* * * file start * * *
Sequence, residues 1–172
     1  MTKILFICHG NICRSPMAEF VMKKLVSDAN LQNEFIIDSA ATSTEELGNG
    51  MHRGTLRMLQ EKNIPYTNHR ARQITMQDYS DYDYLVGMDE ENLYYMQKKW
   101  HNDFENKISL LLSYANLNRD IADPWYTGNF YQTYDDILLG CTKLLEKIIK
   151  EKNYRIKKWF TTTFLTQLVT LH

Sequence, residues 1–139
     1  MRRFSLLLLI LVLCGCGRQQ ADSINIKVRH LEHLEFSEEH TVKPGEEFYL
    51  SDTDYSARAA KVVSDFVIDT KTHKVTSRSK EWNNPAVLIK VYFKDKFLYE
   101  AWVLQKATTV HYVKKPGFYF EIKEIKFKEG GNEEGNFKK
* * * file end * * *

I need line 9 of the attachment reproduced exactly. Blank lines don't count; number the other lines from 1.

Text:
   101  AWVLQKATTV HYVKKPGFYF EIKEIKFKEG GNEEGNFKK